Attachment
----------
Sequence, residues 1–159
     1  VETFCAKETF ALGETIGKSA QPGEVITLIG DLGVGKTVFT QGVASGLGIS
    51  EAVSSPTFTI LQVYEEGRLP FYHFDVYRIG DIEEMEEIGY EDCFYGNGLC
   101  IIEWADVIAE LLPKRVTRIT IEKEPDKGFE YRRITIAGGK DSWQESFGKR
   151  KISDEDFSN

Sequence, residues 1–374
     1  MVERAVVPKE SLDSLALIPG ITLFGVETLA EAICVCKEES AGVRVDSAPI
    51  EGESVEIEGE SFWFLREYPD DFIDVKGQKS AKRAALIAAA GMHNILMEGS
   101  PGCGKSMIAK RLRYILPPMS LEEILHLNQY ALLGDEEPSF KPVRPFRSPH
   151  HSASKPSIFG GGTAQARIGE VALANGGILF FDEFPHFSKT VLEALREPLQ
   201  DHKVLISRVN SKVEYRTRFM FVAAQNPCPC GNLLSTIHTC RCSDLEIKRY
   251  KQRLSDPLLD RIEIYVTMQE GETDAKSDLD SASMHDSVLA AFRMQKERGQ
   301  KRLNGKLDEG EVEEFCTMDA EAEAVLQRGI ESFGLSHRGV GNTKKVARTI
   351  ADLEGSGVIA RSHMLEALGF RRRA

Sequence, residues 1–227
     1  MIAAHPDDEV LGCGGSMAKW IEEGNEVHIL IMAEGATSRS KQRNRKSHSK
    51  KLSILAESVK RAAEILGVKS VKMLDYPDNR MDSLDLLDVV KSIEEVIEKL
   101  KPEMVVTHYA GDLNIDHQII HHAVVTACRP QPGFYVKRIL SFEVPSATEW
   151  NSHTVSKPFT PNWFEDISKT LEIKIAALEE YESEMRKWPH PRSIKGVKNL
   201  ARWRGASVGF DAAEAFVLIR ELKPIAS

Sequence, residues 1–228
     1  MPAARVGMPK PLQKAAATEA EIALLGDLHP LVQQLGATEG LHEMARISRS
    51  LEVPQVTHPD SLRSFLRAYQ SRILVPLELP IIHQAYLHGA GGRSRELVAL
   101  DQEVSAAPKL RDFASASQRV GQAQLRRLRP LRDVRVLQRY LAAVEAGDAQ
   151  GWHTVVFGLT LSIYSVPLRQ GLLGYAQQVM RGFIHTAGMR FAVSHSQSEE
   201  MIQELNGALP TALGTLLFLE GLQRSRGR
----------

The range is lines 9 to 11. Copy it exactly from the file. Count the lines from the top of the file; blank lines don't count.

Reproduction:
   101  PGCGKSMIAK RLRYILPPMS LEEILHLNQY ALLGDEEPSF KPVRPFRSPH
   151  HSASKPSIFG GGTAQARIGE VALANGGILF FDEFPHFSKT VLEALREPLQ
   201  DHKVLISRVN SKVEYRTRFM FVAAQNPCPC GNLLSTIHTC RCSDLEIKRY